WHITE CITY — As he lays a long cast across an upper Rogue River riffle and watches his big, purple streamer sink beneath the surface, Ray Ball knows he's in the swing of things.
The line and fly cut across the water in a perfect arc until they suddenly stop and a wild, watery frenzy ensues.
A fat summer steelhead leaps skyward with a triple flip that even the Russian judge would give a 9.8 score. Then just like that the steelhead comes unbuttoned and the fly line goes limp.
"The best thing about swinging flies is the take, for sure," says Ball, a veteran upper Rogue fly-fisher. "Half the time they throw the hook, but I don't care. It's getting them to take that's great."
Early fall is the swinging season on the upper Rogue, when water conditions, steelhead numbers and their aggressive behavior make arcing large streamers through riffles the go-to method for catching these iconic fish of the Pacific Northwest.
Let the nymphers worry about matching the hatch. Tie on a big gob of hot-pink marabou that appears like nothing in the natural world and swing it over steelhead that seem to take such offense at the offering that they'll dash off the bottom to chew it to pieces.
Then hold on and wait for the reel to stop screaming.
It was good enough for Zane Grey, and it's good enough for Keith Liddy.
"When you swing flies, it's like you're going back to the '20s," says Liddy, a Talent carpenter by day, and steelhead swinger by eve. "The take is so great. It's wicked fun."
And before you know it, the swinging season will be done.
Cold water releases from Lost Creek Lake will soon help slow incubation rates of wild spring chinook salmon eggs that will soon be laid in upper Rogue gravel beds. It's a change biologists for years have used to help the Rogue's most depressed run of salmon by reducing the growth rates during winter flows unnaturally warmed at Lost Creek Lake.
Though done for fish, it doesn't help traditional fly fishing.
Upper Rogue water temps in the low 40s that routinely come in mid-October make steelhead far less likely to muster the energy to rise in the water column at a swinging streamer just to make a statement. Conditions favor nymphing, which puts the fly down into the face of holding steelhead.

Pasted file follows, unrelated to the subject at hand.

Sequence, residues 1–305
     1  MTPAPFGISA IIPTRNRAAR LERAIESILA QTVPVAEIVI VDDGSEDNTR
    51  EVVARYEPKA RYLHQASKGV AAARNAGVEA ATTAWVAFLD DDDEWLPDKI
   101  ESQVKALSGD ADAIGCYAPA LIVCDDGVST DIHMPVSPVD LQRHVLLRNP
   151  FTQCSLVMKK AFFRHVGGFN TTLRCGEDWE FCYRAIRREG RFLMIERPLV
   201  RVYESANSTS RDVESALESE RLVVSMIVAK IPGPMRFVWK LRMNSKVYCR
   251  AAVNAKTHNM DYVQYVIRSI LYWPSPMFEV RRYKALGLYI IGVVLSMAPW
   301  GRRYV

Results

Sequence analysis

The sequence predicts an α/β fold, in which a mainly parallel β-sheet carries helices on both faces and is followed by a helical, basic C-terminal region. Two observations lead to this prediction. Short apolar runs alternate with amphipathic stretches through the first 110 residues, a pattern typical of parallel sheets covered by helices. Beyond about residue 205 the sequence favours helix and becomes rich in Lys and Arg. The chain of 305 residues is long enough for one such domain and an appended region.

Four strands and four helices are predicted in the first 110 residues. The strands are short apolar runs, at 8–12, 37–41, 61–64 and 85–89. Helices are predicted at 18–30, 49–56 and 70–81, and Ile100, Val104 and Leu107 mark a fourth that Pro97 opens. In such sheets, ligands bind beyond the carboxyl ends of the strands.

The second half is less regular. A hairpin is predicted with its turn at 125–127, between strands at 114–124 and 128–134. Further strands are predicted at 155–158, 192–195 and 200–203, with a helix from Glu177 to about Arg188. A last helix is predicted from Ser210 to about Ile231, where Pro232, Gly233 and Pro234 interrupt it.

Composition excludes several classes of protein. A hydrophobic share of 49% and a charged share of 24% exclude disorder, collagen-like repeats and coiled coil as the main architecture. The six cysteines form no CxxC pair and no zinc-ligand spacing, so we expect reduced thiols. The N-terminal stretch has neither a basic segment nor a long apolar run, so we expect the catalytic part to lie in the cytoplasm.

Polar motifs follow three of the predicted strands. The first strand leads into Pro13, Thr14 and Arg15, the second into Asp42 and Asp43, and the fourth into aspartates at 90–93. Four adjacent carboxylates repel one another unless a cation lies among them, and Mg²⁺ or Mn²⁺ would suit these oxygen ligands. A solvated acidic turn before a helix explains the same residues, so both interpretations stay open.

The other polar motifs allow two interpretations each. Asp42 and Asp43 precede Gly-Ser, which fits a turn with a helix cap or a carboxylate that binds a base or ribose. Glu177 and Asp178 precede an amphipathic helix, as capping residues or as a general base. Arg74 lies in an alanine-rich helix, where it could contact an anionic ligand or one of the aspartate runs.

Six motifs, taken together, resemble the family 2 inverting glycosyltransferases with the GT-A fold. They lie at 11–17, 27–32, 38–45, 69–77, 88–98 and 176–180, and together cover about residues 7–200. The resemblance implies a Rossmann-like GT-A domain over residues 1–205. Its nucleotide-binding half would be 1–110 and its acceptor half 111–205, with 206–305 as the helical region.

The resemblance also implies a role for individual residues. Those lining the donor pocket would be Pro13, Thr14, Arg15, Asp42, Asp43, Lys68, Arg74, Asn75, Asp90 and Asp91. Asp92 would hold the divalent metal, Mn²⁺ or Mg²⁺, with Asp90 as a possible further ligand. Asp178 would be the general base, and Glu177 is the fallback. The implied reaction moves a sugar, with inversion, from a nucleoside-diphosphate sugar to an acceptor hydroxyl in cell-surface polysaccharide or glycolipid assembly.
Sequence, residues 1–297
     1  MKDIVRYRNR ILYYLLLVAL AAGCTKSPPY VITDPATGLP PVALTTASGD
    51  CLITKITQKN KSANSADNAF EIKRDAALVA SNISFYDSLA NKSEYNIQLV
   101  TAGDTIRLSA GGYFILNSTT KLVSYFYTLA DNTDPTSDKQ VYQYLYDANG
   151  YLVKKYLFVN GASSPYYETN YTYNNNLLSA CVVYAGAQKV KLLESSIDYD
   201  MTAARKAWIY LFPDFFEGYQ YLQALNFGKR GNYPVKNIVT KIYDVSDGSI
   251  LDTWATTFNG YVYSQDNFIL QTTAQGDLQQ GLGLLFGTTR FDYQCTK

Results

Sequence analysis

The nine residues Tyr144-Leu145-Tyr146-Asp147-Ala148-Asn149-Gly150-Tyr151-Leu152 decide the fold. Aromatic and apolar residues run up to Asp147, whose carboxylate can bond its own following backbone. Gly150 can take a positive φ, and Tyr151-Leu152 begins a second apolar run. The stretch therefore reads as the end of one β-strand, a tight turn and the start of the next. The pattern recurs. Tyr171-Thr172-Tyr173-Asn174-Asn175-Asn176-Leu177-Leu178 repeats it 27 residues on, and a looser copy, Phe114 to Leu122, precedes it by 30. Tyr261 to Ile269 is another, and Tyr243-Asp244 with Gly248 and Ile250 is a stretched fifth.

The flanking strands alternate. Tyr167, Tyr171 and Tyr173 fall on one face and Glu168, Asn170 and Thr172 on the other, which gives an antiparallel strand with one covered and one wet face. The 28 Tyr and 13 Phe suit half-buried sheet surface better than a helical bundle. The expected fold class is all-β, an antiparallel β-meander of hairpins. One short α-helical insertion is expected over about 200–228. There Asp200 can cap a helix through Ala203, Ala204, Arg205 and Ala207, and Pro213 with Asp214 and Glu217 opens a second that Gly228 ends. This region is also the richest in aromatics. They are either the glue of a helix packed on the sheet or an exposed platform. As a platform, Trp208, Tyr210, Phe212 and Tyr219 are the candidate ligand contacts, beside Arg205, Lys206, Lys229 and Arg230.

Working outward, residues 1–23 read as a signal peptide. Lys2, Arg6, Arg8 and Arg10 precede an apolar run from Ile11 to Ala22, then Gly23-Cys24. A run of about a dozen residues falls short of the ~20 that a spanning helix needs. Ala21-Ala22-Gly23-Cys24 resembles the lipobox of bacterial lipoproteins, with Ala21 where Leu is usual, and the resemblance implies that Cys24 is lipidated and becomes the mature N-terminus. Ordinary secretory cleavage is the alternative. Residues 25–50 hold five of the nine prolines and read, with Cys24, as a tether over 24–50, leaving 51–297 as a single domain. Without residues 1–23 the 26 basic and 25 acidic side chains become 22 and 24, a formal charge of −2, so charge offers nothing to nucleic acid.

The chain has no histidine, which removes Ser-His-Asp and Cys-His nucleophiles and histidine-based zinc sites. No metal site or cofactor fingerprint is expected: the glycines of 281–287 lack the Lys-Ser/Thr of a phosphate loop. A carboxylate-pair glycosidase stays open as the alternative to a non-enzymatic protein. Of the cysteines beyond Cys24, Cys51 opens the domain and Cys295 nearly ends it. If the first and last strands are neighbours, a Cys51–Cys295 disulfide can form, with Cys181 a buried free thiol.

So swing away while the swinging's still good.
Use a floating or sink-tip fly line and a tapered leader about 8 feet long. The streamers-du-jour are large, articulated leeches, with combinations of black, purple, red, pink and blue in vogue. Still, any of the traditional streamers, such as a green-butt skunk, red ant or bucktail coachman sold at most Rogue Valley tackle stores, will do the trick.
Wade into any of the upper Rogue's common steelhead riffles, usually no more than knee- or waist-deep. Using long, flat casts, send the fly at a 45-degree angle downstream, then let the line and fly swing through the riffle until it flattens out.
And hold on. When a steelhead hits, it usually does so with a violent thrash before speeding downstream.
This is the traditional technique, or "old school" way, to fish summer steelhead with flies in the Rogue, North Umpqua and other rivers in the fall. It relies on the fish coming to the fly.
It differs from "nymphing," the art of using weighted nymphs, long leaders and strike indicators, which relies on getting the fly down in front of the steelhead.
Nymphing is far more common in the upper Rogue starting in mid-October and is the norm for the remainder of the summer steelhead season.
But for two more glorious weeks, the swing will be the thing.
"Just being out there swinging flies is awesome," Liddy says. "And when a big steelhead rolls over your fly, it's hard not to wet your pants."